19 mins, -1.8C

The first swim at the North Pole

  • Go through the article and number the paragraphs.

  • Look at the source of this article. What does this suggest about the target readership?

  • I love the picture at the top of the article; the curvature makes it look as if he is diving into the world. The caption tells the whole story in brief.

  • This seems to have limited relevance to the overall theme, except to show that, because of the melting ice, something is now possible that should not be possible, and would not have been a decade ago. I suppose that the point is that it’s putting a human face and achievement on a theory – he did it “to highlight the effects of global warming”. It’s an extreme publicity stunt.

  • In paragraph 1 the phrases “just one degree” and “not even the polar bears” highlight the extreme nature of Pugh’s feat. “On the verge of turning to ice” in paragraph 7 has the same effect.

  • Paragraph 2 contains a mix of facts – temperatures and statistics- and opinion – “it is believed to be the coldest water a human has ever swum in.”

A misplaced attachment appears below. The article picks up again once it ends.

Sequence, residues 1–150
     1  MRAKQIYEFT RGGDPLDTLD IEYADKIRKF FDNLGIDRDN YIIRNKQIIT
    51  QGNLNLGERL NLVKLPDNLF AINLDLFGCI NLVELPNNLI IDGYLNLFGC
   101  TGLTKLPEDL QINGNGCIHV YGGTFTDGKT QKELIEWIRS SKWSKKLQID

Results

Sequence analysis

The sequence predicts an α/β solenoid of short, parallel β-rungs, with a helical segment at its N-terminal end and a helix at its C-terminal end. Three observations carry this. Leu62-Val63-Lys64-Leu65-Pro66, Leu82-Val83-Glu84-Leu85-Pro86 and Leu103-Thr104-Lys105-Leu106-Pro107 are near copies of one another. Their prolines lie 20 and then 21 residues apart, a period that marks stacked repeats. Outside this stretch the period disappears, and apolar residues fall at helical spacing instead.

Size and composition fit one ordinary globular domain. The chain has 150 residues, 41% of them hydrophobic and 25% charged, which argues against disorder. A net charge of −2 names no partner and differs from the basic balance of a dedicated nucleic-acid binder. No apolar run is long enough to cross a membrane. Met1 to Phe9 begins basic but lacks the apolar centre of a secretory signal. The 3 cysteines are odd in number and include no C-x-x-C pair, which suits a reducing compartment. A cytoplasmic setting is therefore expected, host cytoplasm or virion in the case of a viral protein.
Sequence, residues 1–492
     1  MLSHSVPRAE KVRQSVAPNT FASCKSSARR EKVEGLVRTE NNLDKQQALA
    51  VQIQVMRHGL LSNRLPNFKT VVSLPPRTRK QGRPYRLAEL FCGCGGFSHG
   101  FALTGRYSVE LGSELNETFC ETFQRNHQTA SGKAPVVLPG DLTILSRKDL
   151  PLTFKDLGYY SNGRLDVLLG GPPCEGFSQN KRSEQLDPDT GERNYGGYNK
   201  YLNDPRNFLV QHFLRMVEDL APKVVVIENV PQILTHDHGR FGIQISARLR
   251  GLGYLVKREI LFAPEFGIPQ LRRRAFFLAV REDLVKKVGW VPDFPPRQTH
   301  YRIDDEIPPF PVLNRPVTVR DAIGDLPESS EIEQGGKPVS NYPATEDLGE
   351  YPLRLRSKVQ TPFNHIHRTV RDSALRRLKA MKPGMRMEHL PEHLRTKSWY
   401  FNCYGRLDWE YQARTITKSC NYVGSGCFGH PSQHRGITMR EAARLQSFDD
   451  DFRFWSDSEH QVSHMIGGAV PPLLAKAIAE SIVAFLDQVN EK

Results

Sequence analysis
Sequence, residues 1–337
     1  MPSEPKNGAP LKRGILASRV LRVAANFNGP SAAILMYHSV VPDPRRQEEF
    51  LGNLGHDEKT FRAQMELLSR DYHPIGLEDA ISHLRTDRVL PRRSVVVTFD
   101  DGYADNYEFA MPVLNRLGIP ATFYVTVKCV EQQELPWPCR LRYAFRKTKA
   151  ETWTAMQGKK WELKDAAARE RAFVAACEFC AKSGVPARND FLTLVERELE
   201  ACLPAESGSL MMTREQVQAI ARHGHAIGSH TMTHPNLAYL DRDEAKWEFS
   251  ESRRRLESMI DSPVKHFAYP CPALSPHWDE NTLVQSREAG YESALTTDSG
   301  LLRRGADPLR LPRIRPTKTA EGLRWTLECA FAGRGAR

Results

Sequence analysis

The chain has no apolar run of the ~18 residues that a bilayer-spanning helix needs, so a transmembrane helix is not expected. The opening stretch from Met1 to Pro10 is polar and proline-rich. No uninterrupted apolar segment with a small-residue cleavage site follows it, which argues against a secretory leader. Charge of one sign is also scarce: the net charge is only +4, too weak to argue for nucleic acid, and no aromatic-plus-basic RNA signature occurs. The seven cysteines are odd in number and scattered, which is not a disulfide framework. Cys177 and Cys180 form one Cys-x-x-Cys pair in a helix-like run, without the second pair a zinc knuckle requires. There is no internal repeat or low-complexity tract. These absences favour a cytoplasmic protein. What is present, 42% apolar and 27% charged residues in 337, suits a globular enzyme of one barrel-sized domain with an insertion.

• Emotive but descriptive vocabulary follows in paragraphs 3 & 4 to chronicle his painful experience: “agonising” , “excruciating”, “perished but ecstatic”. Identify and quote the simile he uses in paragraph 4.

  • Paragraph 9 makes use of an authoritative source. Who?

  • The bulk of the article, and the inset “Record breakers” drop box, focus on Pugh and his achievement. The swimming records seem to have no relevance at all to the global warming issue. Since the purpose of this swim was to highlight the consequences of global warming, we might ask whether this is an appropriate focus. The end of the article seems to forget its beginning, though the final paragraph does acknowledge the involvement of WWF (not the Worldwide Wrestling Federation!)